What follows is probably the best segment of the game in terms of both story and gameplay. We end up in a decrepit Aperture testing facility, which has a BioShock-esque vibe with its decaying mid-century furnishings. The voice guiding us through this area is that of Cave Johnson, the founder of Aperture Science. Since he’s dead and can’t be there in person, we are played recordings he prepared for candidates as they reached each test chamber, which feels more akin to the dialogue in the original Portal.

The puzzles are more challenging here, and while they do make use of old-fashioned versions of the modern testing equipment, the historic test centre also has its own tricks up its sleeve. These tricks, it turns out, come mostly in the form of the aforementioned gels and dispensers:

•  Blue gel – lets you bounce higher to reach new areas
•  Orange gel – lets you sprint at super speed and build momentum
•  White gel – moon rock-based (remember that), makes surfaces portalable

These are used in conjunction with each other to create some great puzzles that really freshen up the formula. By the end of this segment you’ll be placing portals under dispensers to distribute gel where it’s needed before executing elaborate combinations of sprints, jumps, bounces, and portal shots to reach your destination. The most satisfying parts of Portal are those that make you feel super smart for thinking in more than three dimensions to solve a chamber, and these puzzles certainly deliver.

We eventually find GLaDOS in her potato form and begin to make our way through the 70s-era areas, and then those from the 1980s. Along the way we’re met with the “startling” revelation (it’s actually signposted as much, if not more than, Wheatley’s turn to the dark side) that GLaDOS is actually the digitised form of Johnson’s personal assistant Caroline, who was put in charge of the facility when he died. GLaDOS has a vague recollection of this, which serves as her motivation to kill Wheatley and regain control.

Taking back control

Forming an unlikely partnership, we fight our way to the surface to deal with Wheatley. We find that he’s already making his mark on the test centre, and has apparently been crossbreeding cubes and turrets to produce limping, non-functional offspring. When he learns of our presence he wants to test us, but his chambers are far too easy, so he steals GLaDOS’s designs. This is where the gravity beams come into play, again adding a challenging twist as we now need to try to direct objects – and ourselves – through the air. As the thrill of watching us test wears off, Wheatley grows slowly more insane.

For once in a game with an unusual central mechanic, the final boss fight is actually very well done. Wheatley floats around in the middle of the arena and fires missiles at you, which you must send through portals at various angles to circumvent his shields and hit him. GLaDOS throws corrupted cores to you at various intervals, which you attach to Wheatley to gradually weaken him. Once enough of these are connected, we’re directed to press the same “stalemate button” we used to defeat GLaDOS earlier.

Here’s the game’s final masterstroke. Wheatley has rigged the button to explode, which damages the testing centre and blows a hole in the roof. There it is, staring right at you: the moon. You remember that the white gel that made surfaces portalable was made of moon rocks, and take a chance. You fire a portal directly at the moon, and the vacuum of space tears Wheatley apart. It’s rare that a game’s final moments are my favourite, but this was a great callback and ups the stakes while so well while maintaining mechanical consistency that it may be the exception to the rule.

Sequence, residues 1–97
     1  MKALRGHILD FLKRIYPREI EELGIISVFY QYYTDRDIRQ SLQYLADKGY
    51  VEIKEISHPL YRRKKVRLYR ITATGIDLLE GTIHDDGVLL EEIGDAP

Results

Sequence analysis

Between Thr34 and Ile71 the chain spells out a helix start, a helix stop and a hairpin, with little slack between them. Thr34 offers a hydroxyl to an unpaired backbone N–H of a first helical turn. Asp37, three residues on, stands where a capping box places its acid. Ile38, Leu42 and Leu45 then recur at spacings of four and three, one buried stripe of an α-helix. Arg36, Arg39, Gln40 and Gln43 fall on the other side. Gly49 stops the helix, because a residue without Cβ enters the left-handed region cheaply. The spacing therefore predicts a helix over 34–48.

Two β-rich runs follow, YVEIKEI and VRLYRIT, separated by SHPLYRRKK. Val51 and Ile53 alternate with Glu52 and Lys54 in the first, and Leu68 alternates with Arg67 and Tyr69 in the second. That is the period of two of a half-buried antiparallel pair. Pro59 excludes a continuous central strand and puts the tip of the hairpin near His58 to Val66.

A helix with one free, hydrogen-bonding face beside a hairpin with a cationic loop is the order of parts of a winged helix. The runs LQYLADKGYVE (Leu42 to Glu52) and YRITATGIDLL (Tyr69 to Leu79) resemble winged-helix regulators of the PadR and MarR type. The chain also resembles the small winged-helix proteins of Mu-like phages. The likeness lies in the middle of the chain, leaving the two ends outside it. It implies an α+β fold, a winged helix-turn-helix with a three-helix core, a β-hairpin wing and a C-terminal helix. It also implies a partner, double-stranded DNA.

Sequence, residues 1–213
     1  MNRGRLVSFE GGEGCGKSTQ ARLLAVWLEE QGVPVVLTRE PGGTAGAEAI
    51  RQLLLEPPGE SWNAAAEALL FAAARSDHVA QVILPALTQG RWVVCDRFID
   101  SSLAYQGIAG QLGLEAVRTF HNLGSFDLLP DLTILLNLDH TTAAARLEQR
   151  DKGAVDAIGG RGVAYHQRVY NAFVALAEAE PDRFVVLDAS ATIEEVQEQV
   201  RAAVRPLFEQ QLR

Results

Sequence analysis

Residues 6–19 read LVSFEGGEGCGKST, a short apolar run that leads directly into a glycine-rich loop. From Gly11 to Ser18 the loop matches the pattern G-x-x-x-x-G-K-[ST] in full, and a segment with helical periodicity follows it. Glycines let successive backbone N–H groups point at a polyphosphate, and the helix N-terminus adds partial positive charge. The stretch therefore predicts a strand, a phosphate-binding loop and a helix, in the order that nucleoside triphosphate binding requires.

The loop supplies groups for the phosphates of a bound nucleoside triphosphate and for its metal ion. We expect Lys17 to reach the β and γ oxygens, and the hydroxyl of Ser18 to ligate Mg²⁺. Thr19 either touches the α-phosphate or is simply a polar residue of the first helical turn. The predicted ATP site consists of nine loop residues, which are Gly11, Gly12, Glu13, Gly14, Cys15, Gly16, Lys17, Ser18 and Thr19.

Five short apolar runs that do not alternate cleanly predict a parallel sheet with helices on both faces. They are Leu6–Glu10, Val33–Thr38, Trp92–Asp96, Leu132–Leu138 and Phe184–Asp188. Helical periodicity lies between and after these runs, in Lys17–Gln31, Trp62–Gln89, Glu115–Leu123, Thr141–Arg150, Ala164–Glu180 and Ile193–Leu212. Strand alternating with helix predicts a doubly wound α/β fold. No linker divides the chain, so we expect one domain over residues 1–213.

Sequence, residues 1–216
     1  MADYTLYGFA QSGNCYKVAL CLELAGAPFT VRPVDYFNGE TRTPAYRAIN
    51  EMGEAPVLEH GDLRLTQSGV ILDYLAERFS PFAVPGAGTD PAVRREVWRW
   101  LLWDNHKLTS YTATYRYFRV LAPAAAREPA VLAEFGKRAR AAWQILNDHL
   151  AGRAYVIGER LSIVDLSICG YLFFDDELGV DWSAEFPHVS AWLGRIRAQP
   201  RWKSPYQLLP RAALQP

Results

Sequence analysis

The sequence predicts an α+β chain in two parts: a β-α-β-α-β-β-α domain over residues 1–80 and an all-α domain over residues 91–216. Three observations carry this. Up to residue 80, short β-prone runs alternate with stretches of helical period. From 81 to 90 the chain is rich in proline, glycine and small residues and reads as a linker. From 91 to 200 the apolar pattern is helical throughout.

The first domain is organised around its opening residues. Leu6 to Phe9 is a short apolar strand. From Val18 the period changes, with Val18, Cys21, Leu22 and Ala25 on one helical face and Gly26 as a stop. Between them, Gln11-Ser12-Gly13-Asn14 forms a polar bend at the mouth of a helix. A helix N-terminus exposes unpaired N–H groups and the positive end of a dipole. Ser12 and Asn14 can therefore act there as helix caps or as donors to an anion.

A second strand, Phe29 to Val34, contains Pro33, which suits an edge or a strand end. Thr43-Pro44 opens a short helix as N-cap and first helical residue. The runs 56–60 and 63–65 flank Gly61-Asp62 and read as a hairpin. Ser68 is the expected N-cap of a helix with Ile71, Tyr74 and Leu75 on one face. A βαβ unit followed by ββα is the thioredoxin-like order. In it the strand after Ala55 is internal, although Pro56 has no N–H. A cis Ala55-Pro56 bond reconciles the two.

GLaDOS, now in control, pulls us back through the portal as Wheatley spirals off into space. Back on Earth, she decides that the least problematic option is just to let us go. We ascend to the surface past a bizarre choir of dancing turrets (I have no idea how that idea got any further than the brainstorming whiteboard) and step outside into the sunlight. The end credits are set to another song – this time sung by GLaDOS – about how happy she is to finally be rid of us, and we get a final scene of Wheatley drifting through space expressing his remorse before everything fades to black.

Straying from the formula

There were parts of Portal 2 I loved, and elements I didn’t see the need for at all. Despite its first-person perspective, Portal is a puzzle game, and it works best when it’s challenging the player to use the tools at their disposal to escape the cell the testing centre has built for them. There’s something immensely satisfying about the Checkoff’s gun-ness of it all – you know everything there must be used, but how? At the game’s strongest it follows an enhanced version of this format, and you’re forced to think not just in portals but also according to the effects of gels and gravity rays.

But in trying to make Portal 2 bigger and better than its predecessor, Valve had to break it out of that bright white box. Beyond the testing chamber, it’s unclear what’s part of the puzzle and what’s just scenery. The most jarring moments were when the game seemed to be guiding me down a path, only for me to realise after much retreading that it was expecting me to have shot a portal at a tiny grey dot a mile away in the previous area.

Portal 2 is often brought up in “game of the generation” conversations, but honestly I prefer the far more concise and focused original. That said, there are still plenty of enjoyable puzzles in the various testing centres you explore over its eight-hour span, and even if Wheatley gets quite annoying early on, there is a lot of content that subverts the player’s expectations in amusing and surprising ways. If you didn’t play Portal 2 back in 2011 then by all means go back for a playthrough – just don’t expect the earth-shattering experience some talk it up to be, and don’t overlook the original.